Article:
Since leaving on-campus roles almost ten years ago, I have learned that part of my job as a consultant and executive coach is aiding organizations and leaders through the process of change and experimentation.
So to no surprise, I found myself in a similar role serving on the conference leadership committee (CLC) for the 2022 NASPA Annual Conference, offering both a place-based experience in Baltimore, as well as a virtual one. I was specifically tasked to lead the virtual experience, alongside my phenomenal co-chair Jenn Kosses, Dean of Students at Wentworth Institute of Technology.
I am sure you have attended plenty of virtual conferences over the last three years – more than you’d ever hope for. I get it. Some may have felt engaging, using an active chat or a carved out digital space like Slack to hopefully connect with other participants and presenters. Others may have fallen far away from your expectations or hopes for engagement, with lackluster pre-recordings, or you may have been faced with constant scheduling conflicts where you weren’t even able to experience the sessions.
We’ve seen online conferences flop, as well as organizations attempt to do both in-person and virtual. Let’s be honest, hybrid is attempting to pull double duty. Sure the goal is to have integration, but you better be prepared with the staff and volunteers to intentionally weave the experience together and make it meaningful.
Jenn and I kept all these realities in mind as we began to reflect on and intentionally plan the #NASPA22 Virtual Experience. Thankfully, last fall, virtual educational program submissions flooded in, and we confirmed all keynotes and SA Speaks programs would be streamed live. We grew in excitement knowing virtual participants would take away so much, at half the cost.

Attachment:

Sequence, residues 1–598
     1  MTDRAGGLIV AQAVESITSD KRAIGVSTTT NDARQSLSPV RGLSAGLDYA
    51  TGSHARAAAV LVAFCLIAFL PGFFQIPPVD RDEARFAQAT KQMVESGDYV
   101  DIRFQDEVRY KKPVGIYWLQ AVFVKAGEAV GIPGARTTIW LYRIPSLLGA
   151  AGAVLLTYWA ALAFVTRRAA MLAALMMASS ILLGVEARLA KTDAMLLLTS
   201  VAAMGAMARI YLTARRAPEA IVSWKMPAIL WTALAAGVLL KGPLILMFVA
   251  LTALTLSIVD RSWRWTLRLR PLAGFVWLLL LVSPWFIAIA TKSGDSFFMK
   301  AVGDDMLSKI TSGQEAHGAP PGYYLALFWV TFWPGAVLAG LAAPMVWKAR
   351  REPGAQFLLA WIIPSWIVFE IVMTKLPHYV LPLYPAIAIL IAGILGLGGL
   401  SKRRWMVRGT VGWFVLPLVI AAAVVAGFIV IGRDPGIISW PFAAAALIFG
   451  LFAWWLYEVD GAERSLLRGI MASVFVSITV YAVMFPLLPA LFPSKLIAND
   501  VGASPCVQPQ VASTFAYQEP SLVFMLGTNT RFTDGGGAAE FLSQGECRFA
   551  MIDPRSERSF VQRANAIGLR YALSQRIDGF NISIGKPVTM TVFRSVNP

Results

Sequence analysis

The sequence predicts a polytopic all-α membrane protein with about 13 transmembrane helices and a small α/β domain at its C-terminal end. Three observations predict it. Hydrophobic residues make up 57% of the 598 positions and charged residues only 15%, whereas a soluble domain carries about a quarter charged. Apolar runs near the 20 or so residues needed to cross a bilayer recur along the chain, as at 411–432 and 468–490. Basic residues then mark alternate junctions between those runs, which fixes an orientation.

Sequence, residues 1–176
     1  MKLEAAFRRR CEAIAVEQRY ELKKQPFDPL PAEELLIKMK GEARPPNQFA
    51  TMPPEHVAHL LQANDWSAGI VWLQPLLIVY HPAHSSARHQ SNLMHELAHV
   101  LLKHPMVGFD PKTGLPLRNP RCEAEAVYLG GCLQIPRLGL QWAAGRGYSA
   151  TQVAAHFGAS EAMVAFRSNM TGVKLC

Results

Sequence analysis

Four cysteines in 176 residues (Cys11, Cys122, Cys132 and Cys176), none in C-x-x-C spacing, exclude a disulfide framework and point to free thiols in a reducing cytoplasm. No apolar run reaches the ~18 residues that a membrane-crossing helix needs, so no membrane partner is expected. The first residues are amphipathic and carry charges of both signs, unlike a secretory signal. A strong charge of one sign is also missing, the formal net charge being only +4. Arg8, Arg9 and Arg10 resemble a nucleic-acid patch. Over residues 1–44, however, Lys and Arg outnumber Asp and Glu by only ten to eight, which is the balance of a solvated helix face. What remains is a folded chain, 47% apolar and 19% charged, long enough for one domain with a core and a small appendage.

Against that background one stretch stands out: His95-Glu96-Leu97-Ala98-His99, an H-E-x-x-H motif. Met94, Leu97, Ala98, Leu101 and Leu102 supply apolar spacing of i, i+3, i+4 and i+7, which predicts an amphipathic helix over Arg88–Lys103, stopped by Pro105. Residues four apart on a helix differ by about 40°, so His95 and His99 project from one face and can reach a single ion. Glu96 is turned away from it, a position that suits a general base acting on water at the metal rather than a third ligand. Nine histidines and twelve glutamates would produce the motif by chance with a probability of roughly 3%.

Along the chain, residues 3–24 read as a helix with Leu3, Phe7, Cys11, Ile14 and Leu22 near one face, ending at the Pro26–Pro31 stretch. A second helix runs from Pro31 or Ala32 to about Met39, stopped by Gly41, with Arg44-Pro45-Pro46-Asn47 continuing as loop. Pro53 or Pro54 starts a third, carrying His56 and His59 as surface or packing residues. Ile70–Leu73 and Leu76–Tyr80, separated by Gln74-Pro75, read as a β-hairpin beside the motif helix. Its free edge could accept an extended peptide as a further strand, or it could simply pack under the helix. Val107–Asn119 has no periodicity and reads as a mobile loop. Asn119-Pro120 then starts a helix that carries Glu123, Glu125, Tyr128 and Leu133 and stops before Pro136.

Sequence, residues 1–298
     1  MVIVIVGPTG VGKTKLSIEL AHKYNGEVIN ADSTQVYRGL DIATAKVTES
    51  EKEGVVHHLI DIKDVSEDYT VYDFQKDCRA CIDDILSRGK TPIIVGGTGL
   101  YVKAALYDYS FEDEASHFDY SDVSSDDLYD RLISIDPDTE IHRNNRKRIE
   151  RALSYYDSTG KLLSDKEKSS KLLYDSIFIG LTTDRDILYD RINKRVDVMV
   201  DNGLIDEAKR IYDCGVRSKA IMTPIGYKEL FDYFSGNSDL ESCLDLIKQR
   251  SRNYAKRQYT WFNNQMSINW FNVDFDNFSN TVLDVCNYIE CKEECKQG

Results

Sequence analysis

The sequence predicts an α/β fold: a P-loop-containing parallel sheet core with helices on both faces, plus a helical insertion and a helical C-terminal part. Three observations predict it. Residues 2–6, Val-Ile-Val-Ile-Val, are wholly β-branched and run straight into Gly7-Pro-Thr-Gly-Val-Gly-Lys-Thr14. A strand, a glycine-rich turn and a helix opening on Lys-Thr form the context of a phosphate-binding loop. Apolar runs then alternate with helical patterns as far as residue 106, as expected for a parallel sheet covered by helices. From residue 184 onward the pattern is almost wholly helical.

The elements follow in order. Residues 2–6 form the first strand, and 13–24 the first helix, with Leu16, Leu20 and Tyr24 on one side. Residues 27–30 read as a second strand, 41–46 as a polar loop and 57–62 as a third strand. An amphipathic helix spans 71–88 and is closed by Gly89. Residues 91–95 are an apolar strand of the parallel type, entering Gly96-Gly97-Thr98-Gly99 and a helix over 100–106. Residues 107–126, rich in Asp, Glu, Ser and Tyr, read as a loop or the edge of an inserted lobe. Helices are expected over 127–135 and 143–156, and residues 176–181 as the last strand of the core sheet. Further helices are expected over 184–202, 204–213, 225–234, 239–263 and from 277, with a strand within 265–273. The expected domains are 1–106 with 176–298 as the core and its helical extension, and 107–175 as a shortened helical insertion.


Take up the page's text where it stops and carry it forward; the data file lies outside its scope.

My primary focus was on building community for all-conference participants, no matter where they were logging in, virtual or in Baltimore. National/International conferences have a reputation for feeling overwhelming and cliquish. Then you add on concerns of COVID – well, my heart (and a decade of experience) knew just how much this experience needed an intentional digital community.
Actual Professional Development Needs and Approaches in 2022
Sorry, y’all, especially in light of the Great Resignation, extreme burnout, and overall disillusionment in higher ed, a keynote, half-day, or educational session alone isn’t going to wrap its arms around the challenges higher ed pros are facing right now.
We must look for a yearlong curriculum and community-based model that uplifts and educates the future of higher education. This must also be human-centered: professional development grounded in humanity.
At our institutions, we develop and produce programs and initiatives to meet students where they are –
timely, impactful, and personalized. Campus pros often bend over backward to do so for students.
Why don’t we do this for the humans that have chosen to commit their careers to serve these students? The service to students and our institutions has had a grave cost indeed.
Last month I wrote about how campus decision-makers need to put the same priority on those employed under their care as they do on students. One way I recommend doing this is to provide staff with more flexible work delivery including remote and hybrid options.
Adult education//professional development programs and initiatives need these same considerations: accessible, immersive, and holistic. We don’t need another conference with hundreds of programs and celebrity keynotes. We need more means to connect, learn, and be seen.
Because of all this, the 2022 NASPA Discord Community was born.
Discord in Higher Education
The quickest way I can describe Discord is Slack meets Facebook Groups.
Discord specifically defines itself as, “Discord servers are organized into topic-based channels where you can collaborate, share, and just talk about your day without clogging up a group chat.”
There is a good chance that your campus already has a Discord server – most likely created by your own students – or there will be one very soon. If you are looking for a deep dive on the platform, check out the panel I hosted with three other campus pros.